FIG. 3A illustrates a graph 300 showing a relationship between a normalized distribution of “inline distance” (i.e., the mean square root of the sum of all square errors between the inline measurement of a wafer and the mean inline measurement of a lot of wafers), as represented by a line 302, and a normalized distribution of final WAT data for the same lot, as represented by a line 304. The relationship between the distributions 302, 304, illustrated in the graph 300 form a co-normal distribution, as illustrated in FIG. 3B by a graph 310, in which the y-axis corresponds to final WAT data and the x-axis corresponds to inline distance. FIG. 3C illustrates a graph 320 showing final WAT versus inline distance across a plurality of wafers. In particular, shown in FIG. 3C, a set of data points 322 represents final WAT data for an item, such as ISAT, per wafer. A line 324 represents mean WAT values of lots of wafer with same routing, and a line 326 represents predicted values with the routing model of the relationship between inline measurement and WAT. This model is the mean for the inline-to-WAT model.

As previously noted, in accordance with features described herein, in one embodiment, a WAT APC model is built using inline measurement as inputs thereto. In particular, a process model representing a key process can be represented in the inline-to-WAT module 226 by a function f( ) and the WAT model representing final WAT in the inline-to-WAT module 226 is g( ), then the WAT APC 220 can be designed as, e.g., (g(f( )))−1 and the process APC 206 can be designed as, e.g., (f( )+g( ))−1.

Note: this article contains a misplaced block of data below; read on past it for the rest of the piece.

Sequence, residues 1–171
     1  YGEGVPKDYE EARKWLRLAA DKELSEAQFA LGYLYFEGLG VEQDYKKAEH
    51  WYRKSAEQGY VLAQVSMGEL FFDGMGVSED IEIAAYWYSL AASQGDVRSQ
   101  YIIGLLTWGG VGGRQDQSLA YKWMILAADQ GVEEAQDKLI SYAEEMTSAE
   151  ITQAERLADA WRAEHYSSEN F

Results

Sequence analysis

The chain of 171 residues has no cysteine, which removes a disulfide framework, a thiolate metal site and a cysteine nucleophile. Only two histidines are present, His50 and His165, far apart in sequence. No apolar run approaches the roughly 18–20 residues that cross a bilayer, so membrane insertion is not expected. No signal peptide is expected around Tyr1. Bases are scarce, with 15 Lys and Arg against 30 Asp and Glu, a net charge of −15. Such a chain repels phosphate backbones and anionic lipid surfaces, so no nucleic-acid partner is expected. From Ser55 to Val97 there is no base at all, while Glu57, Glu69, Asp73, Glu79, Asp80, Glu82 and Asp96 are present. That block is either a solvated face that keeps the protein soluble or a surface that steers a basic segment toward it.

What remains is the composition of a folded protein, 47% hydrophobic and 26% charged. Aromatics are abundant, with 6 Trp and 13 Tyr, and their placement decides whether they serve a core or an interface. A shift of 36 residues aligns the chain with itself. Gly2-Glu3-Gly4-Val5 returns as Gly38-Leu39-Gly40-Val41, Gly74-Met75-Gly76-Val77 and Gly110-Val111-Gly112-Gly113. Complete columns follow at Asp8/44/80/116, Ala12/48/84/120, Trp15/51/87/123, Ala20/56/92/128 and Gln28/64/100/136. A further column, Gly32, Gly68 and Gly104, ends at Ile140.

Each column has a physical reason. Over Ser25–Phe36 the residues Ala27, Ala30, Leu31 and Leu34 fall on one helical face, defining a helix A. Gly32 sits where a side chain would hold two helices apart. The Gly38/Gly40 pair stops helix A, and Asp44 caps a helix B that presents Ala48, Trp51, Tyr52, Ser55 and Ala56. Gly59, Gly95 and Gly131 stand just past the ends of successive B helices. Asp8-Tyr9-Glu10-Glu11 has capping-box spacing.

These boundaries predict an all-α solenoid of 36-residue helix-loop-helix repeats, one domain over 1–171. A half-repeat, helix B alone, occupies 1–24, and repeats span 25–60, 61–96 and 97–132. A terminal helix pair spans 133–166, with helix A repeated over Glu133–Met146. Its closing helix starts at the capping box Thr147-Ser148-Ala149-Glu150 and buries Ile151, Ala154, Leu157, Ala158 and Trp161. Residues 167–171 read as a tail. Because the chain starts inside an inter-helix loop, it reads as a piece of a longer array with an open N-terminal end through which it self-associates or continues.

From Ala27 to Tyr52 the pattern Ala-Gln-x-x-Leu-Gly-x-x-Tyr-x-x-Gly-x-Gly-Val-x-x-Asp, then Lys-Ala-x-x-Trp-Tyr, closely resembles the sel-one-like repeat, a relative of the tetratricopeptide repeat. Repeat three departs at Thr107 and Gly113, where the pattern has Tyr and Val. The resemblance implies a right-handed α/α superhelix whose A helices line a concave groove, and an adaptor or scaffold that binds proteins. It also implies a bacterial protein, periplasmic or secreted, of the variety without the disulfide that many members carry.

For example, in one embodiment, the WAT is tuned with the PKT implant through the variation of poly_CD. The WAT APC 220 is used to adjust the PKT implant tuning table based on the WAT shift. The adjusted tuning table is automatically built up using all of the metrology data and the routing model, e.g., poly_CD, tools of source-drain implant. In contrast, the process APC 206 is tuned using inline measurements to adjust etch time.

FIGS. 4A and 4B illustrate an inline-to-WAT model implemented by one or more embodiments described herein. As illustrated in FIG. 4A, one of multiple routes, represented by four routes R1-R4, is taken by each wafer through a plurality of processing stages, represented in FIG. 4 by four processing stages S1-S4, an IM WAT stage M2, and a final WAT stage, WAT. It will be understood that while a limited number of routes and stages are illustrated in FIG. 4A, it is anticipated that more routes and/or stages may actually be implemented. Sampling comprising key inline measurement at a particular stage for a particular route is represented by a circle disposed at the intersection of the route and stage. For example, for the route R1, inline measurement, or sampling, occurs at stages S1, S2, S4, and M2, as represented by circles 400, 402, 404, and 406, respectively. In contrast, with respect to the route R2, sampling occurs at stages S1 and S4, as represented by circles 410 and 412, respectively, but not at stage M2. It will be recognized that final WAT is performed for all routes R1-R4, as represented by circles 420-428, respectively.